Wodtke, Christina & Govella, Austin. Information architecture: blueprints for the Web. 2nd ed. Berkeley, CA: New Riders, 2009. xvii, 290 pp. ISBN: 978-0-321-60080-6. £38.99 $45.00
The 'bible' of information architecture is, of course, Morville and Rosenfeld's Information architecture for the World Wide Web, currently in its third edition. I had not come across this work by Wodtke and Govella before but, as it this is the second edition, I assume that it has been a success in the market.
The approach is rather different from that of Morville and Rosenfeld, which puts a great deal of attention on meetings and negotiations with clients and the general business of information architecture. Wodtke and Govella pay less attention to this and focus on the link between information architecture and Web design. The focus on design is indicated by the very large number of excellent screen shots, which, along with the diagrams and other illustrations, guarantee an excellent reader-experience.
The eleven chapters deal with the fundamentals of information architecture for the Web, from Chapter 1, First principles, through such topics as Sock drawers and CD racks—everything must be organized (Chapter 3), which is essentially about classification; Search and ye shall find (Chapter 5 - on, as if you hadn't guessed - search engines); and Architecting social spaces (Chapter 9 - dealing with social interaction in the Website) to Chapter 11, And in the end, which seems a little redundant, since it takes two pages to say not very much.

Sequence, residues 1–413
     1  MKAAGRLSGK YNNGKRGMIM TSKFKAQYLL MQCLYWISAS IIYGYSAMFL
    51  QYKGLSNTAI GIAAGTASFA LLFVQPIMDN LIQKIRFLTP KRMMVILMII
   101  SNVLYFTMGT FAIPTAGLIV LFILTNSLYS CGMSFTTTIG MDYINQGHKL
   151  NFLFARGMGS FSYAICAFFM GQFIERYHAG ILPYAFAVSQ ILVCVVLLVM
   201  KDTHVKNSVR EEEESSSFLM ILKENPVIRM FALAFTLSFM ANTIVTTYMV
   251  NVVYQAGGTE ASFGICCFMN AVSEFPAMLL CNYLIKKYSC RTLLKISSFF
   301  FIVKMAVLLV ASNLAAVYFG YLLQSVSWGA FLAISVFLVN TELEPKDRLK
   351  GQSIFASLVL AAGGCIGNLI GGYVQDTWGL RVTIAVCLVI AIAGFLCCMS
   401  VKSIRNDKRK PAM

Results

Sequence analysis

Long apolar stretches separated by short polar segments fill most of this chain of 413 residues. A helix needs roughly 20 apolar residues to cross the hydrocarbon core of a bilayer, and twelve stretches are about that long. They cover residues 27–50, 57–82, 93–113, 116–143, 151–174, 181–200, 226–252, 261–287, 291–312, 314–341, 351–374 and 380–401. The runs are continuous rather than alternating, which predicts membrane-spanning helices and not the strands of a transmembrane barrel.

The authors (or perhaps the editors?) have given each chapter a sub-title, intended to be humourous, I think, thus, Chapter 2, Balancing acts—users, technology, and business is subtitled: In which we discover that businesses like to make money, engineers like to make code, users like to make good, and many other shocking facts.. I'm not sure that these add much to the reader's understanding of what a chapter is going to be about.
The clue to the whole text and its mode of presentation is the intended audience: Morville and Rosenfeld's work is for the information professional, while Wodtke and Govella is for anyone in an organization who might have responsibility for or oversight of the Website. Certainly, anyone in such a role will benefit from the book, since it will give them useful insights into the role of information architecture in Website design and, perhaps, enable them to understand when things have gone so far astray that some professional input is needed to put it right.
The book can also serve as an introductory text for undergraduate programmes in a variety of fields and as a useful background book for anyone seeking to understand what information architecture is about.